I have several dozen plastic pots for seedlings but they are too small, even for a single head of lettuce. We also have an eclectic mix of terra cotta pots scattered about the basement and I sorted through them. Most are the basic eight-inch circular variety, big enough for a head of lettuce—but only one. Others are larger, with varying degrees of ornamentation, but none of them seemed practical for my purpose.

I then recalled a stack of rectangular plastic planters that we had purchased several years ago. We had intended to plant them with flowers and place them in our window boxes, which were painted wood at the time. We’ve since replaced those window boxes with open, wrought iron versions that are sufficiently decorative on their own.

The plastic boxes are terra-cotta colored and long enough to fit three heads of lettuce. I pulled two of them from the stack (which we had tucked away onto a shelf) and filled them with potting mix. I formed three depressions in the soil with my hands and then, using my specialized seedling transfer tool (which multi-tasks as a dinner fork), moved three Jericho Romaine and three Red Salad Bowl lettuce seedlings into their new homes.

Well, according to the seed sowing calendar, gardening tradition and conventional wisdom, St. Patrick’s Day is the time to sow the first seeds outdoors.  And not just any seeds:  today is the day to plant peas.

I fully embrace this idea.  It encourages a return to the outdoor garden.  It emphasizes the idea of rebirth and reawakening that is consistent with spring at its most conceptual.  And it involves (for us) sugar snap peas, one of my favorite vegetables, both to grow and to eat.  As an added bonus, it turns out that early sowing during the cusp season between the deep of winter and the peak of spring is actually good for the plants.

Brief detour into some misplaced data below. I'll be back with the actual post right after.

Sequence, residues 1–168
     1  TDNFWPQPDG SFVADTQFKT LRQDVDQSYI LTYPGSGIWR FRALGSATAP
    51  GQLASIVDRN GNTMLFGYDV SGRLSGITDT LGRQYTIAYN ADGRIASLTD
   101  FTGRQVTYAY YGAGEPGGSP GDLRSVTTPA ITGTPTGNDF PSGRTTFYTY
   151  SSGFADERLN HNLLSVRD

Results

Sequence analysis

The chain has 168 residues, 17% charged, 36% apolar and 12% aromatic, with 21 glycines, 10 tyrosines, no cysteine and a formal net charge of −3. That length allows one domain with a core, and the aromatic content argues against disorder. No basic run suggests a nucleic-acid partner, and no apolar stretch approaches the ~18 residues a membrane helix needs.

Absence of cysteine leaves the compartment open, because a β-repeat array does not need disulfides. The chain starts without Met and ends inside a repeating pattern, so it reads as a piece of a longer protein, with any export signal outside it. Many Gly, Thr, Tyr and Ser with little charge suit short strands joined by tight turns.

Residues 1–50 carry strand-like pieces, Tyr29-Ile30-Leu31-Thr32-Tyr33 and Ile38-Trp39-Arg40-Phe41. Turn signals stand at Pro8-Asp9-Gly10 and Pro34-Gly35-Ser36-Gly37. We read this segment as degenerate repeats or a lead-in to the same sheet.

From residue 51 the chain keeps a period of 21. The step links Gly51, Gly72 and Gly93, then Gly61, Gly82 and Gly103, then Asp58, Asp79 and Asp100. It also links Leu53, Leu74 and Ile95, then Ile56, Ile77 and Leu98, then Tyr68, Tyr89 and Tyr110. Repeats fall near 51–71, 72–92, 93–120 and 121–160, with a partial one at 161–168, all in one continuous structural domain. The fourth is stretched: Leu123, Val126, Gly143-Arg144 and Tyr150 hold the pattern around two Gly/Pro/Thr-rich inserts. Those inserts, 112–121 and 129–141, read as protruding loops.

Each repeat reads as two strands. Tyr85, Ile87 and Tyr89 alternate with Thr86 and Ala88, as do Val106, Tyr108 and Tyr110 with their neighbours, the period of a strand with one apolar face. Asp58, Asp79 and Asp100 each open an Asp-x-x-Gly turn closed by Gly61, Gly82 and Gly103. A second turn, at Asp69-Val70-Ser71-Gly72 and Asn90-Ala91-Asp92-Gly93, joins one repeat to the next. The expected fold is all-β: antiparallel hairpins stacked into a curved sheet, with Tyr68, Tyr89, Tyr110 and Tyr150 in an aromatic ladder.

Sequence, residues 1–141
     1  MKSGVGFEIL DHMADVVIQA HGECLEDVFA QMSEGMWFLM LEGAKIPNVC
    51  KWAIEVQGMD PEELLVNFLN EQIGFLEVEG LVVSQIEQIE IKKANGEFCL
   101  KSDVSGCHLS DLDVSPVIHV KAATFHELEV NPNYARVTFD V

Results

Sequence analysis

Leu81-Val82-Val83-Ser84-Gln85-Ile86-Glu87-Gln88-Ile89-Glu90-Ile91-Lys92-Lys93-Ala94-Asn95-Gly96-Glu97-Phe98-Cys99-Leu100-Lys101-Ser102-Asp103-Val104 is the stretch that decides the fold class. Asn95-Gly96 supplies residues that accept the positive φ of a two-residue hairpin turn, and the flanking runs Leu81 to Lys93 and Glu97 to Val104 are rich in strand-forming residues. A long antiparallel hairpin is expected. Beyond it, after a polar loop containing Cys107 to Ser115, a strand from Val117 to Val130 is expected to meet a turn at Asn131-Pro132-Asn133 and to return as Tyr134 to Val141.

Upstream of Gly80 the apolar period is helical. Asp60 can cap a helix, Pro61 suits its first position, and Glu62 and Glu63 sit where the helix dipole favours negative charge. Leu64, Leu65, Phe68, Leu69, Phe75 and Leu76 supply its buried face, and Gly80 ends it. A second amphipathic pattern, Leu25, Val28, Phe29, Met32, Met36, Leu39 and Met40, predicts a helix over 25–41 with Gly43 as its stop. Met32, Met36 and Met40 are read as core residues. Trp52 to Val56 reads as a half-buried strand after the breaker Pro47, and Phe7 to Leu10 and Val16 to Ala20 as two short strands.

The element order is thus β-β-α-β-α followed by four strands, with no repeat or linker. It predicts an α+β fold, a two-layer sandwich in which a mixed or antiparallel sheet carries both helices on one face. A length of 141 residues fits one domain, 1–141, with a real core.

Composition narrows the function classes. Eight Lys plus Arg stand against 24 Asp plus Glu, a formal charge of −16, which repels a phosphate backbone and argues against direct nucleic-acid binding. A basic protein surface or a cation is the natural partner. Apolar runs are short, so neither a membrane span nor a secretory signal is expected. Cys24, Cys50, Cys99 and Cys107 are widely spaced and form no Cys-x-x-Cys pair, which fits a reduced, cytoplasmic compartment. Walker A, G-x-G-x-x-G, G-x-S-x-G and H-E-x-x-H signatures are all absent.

Cold weather (and it is usually cold in March) means that the pea shoots will grow slowly.  The restrained growth combined with the accompanying stress results in stronger leaves and stems (although too much stress is problematic; like any other plant, peas must be protected from freezing).  When planted in warm weather, peas can grow too quickly and weakly.  Worse, the period during which the peas are sweetest—fleeting at best—is even shorter.

Sadly, for the second year in a row, conditions will not allow us to sow any seeds outdoors today.  The garden beds, although again fully visible (see February 14, 2014 for a photo of when they were not), are still surrounded by a deep layer of snow.  The soil surface is overlain by a thick blanket of ice.  Preparing the garden in spring might involve turning soil but it should not include shoveling snow.

So, nothing going on outside.